Universities Snatch Up Unused Cable For High-Speed Networks - InformationWeek
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4/21/2006
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Universities Snatch Up Unused Cable For High-Speed Networks

The most ambitious and high-profile of these endeavors is the National LambdaRail, a large fiber infrastructure capable of connecting more than 25 U.S. cities at speeds in multiples of 10 Gbps.

Although precious few companies are in a position to deploy and manage their own business networks, educational and governmental research institutions have bandwidth and performance requirements that go beyond what commercial network providers can supply at reasonable prices. The retail cost for enough bandwidth to handle the data transfers needed for research and experimentation would bankrupt most institutions.

To avoid retail costs, universities and nonprofits have formed consortia to purchase access to dark fiber--fiber that's in place but not being used--and build high-speed metropolitan, regional, and national optical networks. In addition to 10-Gbps IP network connections, these fiber paths can carry non-IP traffic, a capability few conventional Internet service providers offer. Even better for researchers, the collapse of the telecom market meant much of this fiber could be purchased at deeply discounted rates.

UW-Madison gives data link the old college try.

UW-Madison gives data link the old college try.

Photo by Morry Gash/AP
The most ambitious and high-profile of these endeavors is the National LambdaRail, a large fiber infrastructure capable of connecting more than 25 U.S. cities at speeds in multiples of 10 Gbps. Dense wavelength division multiplexing lets LambdaRail place multiple wavelengths (referred to as lambdas) on each fiber pair, effectively providing each customer with its own wavelength equivalent to 10 Gbps of bandwidth and allowing network provisioning to multiple customers on a single fiber pair.

At the University of Wisconsin-Madison, we've lit the fiber section from our city to a major network peering point in Chicago with a DWDM optical link that carries our Internet2 traffic over one of these 10-Gbps connections. Internet2, an alternative to the commodity Internet, links research and instructional networks at higher speeds and is used for exploring and testing next-generation applications that would require this connectivity.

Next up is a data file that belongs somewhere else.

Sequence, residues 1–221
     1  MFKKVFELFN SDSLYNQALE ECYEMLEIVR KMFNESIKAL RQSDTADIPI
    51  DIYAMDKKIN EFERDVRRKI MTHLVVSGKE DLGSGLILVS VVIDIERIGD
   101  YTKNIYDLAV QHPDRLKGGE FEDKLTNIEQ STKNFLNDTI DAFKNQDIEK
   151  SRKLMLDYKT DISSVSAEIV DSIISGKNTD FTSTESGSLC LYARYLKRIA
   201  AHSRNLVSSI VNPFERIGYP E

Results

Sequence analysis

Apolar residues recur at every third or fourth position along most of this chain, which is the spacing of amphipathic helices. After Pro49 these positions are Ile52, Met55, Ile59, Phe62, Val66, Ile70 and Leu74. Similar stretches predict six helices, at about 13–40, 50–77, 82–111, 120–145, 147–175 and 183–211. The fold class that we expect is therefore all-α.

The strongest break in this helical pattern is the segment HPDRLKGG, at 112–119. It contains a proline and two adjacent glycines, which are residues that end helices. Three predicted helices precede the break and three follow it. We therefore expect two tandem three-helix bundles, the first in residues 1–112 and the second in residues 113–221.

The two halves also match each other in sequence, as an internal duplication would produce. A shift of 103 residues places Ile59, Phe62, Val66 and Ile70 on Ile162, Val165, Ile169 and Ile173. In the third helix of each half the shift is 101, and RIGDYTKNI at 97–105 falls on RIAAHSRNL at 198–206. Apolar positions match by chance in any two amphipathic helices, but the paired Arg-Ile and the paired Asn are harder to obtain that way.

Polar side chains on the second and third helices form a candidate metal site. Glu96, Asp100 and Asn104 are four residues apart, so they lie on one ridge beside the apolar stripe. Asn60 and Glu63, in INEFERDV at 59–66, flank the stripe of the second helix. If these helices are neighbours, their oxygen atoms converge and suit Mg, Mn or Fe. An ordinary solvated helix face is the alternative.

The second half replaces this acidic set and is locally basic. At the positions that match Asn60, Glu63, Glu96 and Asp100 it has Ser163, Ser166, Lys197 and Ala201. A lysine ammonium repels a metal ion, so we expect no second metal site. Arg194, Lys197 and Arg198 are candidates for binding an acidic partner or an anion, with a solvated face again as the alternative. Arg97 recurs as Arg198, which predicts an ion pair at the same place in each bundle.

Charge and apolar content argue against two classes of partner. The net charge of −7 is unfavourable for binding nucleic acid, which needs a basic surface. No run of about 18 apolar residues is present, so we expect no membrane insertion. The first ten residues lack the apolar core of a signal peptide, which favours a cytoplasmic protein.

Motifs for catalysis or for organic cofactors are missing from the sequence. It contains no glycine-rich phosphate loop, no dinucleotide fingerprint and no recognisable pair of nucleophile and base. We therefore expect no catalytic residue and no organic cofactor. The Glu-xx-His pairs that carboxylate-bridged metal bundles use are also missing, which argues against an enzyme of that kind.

Following the collaborative investment model of LambdaRail, regional and metropolitan partnerships have sprung up to fill out connectivity needs in localized markets. In our neck of the woods, the Northern Tier Network Consortium aims to extend the fiber infrastructure across the northern states, from Wisconsin to Washington and all points in between, offering extraordinary network connectivity to educational and governmental institutions, communities, and nonprofits along that route.

Other examples are the Pacific Northwest Gigapop and the Boreas-Net, a regional consortium acquiring private fiber links between various connecting points in Wisconsin, Minnesota, Iowa, Missouri, and Illinois. These setups give university partners high-speed connections between campuses, as well as backup routes to Internet2 and other network providers.

The University of Wisconsin system has acquired fiber from the Starlight PoP in Chicago, through Wisconsin along Interstate 94 to the border of Minnesota. That fiber also will be made available to the Northern Tier Network Consortium and Boreas-Net.

Why Not Business?

Companies could purchase regional or national unused fiber to connect to a geographically distant backup data center. With some good partnerships, multiple companies or institutions could acquire fiber together and share the resource using DWDM equipment. This connectivity also could be leveraged to connect business partners that interchange large data sets, such as customer relationship data.

Just 10 years ago, the University of Wisconsin at Madison was connected to the Internet via WiscNet--a public-service ISP and partner of UW-Madison--using a half-dozen T1 pipes. Although the traffic included research and educational data, it was only marginally distinguishable from general traffic in network load. But by 2000, our connection to Chicago had grown to a full OC-12 ATM (622- Mbps) link, partitioned out with circuits for transit to Internet1, collaborative peering partners, and custom research connections.



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